In addition to That hum to go by (Mammoth books), Jeff Schiff is the author of Mixed Diction, Burro Heart, The Rats of Patzcuaro, The Homily of Infinitude, and Anywhere in this Country. Hundreds of his pieces have appeared in more than a hundred and thirty publications worldwide, including The Alembic, Bellingham Review, Cincinnati Review, Grand Street, Ohio Review, Poet & Critic, Tulane Review, Tampa Review, Louisville Review, Tendril, Pembroke Magazine, Carolina Review, Chicago Review, Hawaii Review, Southern Humanities Review, River City, Indiana Review, Willow Springs, and Southwest Review. He is currently serving as the interim dean of the school of graduate studies at Columbia College Chicago, where he has been on faculty since 1987.
Namrata K is a poet, nitpicky editor, dancer and vocalist who lives with her madcap family in Bhopal. Her work has been published in Poetry with Young People, The Kali Project and an upcoming anthology Shape of a Poem. Her best award has been her son’s “Your poetries are beautiful”. Poetry and music, for her, are two sides of the same coin—expressions of our deepest, most unnamed ways of being.
Abdulmugheeth Petersen has a passion for anything that is related to language, literature and social justice and so, naturally, teaches High School English. Much of Abdulmugheeth’s writing portrays, and is inspired by, a world as seen through the overlapping lenses of life as an esoteric, a nonconformist, a muslim, a gay man, and a South African. He enjoys hiking and touring, but also snuggling up to movies or books with his partner and any cats they can find.
Gerard Sarnat is a retired physician who has built and staffed homeless and prison clinics. He was also a Stanford professor and healthcare CEO. As a writer, he has won First Place in Poetry in the Arts Award, the Dorfman Prize, been nominated for a handful of recent Pushcart and Best of the Net Awards, published four collections and appeared in Stanford, Johns Hopkins, Harvard, Pomona, Brown, Columbia, Wesleyan, University of Chicago periodicals as well as in Gargoyle, Main Street Rag, American Journal Poetry, Poetry Quarterly, New Delta Review, Brooklyn Review, LA Review, San Francisco Magazine, and The New York Times.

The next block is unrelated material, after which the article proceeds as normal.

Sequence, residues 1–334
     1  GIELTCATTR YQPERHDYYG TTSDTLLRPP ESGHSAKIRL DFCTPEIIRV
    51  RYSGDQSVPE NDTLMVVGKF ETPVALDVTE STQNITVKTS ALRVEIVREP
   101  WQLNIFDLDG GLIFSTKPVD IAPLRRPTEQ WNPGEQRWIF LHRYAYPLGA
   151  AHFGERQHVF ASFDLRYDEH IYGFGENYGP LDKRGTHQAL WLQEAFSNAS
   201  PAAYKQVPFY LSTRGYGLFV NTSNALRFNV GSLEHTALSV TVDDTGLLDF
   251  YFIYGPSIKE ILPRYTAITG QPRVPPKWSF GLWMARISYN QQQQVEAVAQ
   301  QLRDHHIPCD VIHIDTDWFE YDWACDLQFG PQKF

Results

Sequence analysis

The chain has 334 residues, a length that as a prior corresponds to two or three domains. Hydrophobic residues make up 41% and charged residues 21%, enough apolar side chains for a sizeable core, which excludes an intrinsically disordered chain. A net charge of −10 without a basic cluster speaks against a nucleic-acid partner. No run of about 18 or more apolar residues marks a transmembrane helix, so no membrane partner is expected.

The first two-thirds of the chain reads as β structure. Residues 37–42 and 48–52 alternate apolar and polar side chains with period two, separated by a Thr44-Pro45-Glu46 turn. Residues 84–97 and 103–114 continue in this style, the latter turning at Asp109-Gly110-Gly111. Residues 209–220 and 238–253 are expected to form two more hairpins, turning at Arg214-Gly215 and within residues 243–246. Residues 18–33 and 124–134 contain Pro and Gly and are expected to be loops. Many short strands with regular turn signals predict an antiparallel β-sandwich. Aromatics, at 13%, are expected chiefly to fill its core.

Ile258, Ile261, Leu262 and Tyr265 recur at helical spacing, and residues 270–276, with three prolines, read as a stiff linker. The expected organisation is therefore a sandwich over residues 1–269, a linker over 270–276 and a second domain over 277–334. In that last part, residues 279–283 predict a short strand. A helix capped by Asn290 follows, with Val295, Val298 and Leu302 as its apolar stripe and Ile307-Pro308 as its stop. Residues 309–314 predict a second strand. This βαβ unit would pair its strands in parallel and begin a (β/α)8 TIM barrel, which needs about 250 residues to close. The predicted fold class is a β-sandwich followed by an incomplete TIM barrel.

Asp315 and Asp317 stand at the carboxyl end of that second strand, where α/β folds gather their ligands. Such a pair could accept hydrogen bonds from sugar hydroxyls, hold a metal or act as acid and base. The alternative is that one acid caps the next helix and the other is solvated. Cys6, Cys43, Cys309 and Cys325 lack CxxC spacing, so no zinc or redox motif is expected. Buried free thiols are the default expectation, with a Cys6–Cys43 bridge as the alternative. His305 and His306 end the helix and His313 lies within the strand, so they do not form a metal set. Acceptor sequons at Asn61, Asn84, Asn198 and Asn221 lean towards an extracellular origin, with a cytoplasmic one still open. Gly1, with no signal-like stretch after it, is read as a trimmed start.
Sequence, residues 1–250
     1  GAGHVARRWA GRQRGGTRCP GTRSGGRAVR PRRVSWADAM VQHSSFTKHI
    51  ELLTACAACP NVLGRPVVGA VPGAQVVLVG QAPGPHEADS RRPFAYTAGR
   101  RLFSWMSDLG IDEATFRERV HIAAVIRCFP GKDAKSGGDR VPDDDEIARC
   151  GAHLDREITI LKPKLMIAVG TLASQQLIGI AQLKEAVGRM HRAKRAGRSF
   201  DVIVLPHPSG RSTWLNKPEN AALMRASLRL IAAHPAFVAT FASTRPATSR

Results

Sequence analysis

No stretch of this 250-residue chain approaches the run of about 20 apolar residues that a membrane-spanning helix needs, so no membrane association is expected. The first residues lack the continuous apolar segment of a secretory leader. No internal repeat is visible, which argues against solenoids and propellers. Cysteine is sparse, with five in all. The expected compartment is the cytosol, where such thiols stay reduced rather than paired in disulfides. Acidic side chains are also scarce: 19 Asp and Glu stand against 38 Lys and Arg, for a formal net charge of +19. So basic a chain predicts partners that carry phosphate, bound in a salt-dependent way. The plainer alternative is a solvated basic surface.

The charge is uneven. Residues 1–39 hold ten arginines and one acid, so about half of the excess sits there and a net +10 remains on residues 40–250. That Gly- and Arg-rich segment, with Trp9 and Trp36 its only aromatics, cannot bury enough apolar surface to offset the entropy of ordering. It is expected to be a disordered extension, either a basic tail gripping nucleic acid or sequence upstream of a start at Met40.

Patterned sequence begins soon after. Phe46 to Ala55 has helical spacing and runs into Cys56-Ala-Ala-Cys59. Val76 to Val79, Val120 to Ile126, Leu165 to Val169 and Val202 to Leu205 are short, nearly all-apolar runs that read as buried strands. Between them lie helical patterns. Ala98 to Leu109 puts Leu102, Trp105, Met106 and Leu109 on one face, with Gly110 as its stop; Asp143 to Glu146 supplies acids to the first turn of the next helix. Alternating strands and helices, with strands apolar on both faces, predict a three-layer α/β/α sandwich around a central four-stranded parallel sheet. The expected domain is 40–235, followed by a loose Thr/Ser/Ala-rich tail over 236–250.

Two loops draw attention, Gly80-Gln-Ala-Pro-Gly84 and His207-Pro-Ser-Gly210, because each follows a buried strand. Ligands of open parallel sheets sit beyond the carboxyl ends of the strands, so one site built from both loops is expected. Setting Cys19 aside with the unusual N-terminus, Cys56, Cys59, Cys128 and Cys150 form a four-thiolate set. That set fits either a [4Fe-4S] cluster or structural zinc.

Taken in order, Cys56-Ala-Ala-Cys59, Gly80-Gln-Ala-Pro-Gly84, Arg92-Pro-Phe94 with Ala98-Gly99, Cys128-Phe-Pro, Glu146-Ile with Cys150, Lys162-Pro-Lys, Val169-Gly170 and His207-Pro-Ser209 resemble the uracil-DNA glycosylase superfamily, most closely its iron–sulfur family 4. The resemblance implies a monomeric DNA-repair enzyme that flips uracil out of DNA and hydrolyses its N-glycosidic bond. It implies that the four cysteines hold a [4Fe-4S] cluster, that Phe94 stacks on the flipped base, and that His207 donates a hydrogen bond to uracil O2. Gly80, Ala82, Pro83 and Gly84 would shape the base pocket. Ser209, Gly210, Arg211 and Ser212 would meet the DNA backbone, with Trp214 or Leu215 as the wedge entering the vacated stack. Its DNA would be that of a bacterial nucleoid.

K. Eltinaé is a Sudanese poet of Nubian descent, raised internationally as a third culture kid. His work has been translated into Arabic, Greek, Farsi, and Spanish and has appeared in World Literature Today, The Ordinary Chaos of Being Human: Many Muslim Worlds (Penguin), The African American Review, About Place Journal, Muftah, among others.
by Wallace Kaufman
By Lucy Ferriss
Learning a new language at fifty
is like learning ballet at seventy.
I love the music of new words
the dance of new thoughts,
a drumbeat of names:
Pevek and Anadyr, Roytan and Wrangel,
Larisa, Volodya, Valya and Slava,
Pyotr, Victor, Ludi, Villi, Yuri.
I want to come back to the north
and talk with you about polar bears,
and the ice floes, about icebreakers,
and the long night,
and the flowers on the tundra,
about where you came from
and where you are going,
and if the arctic will still be white
when our children have children.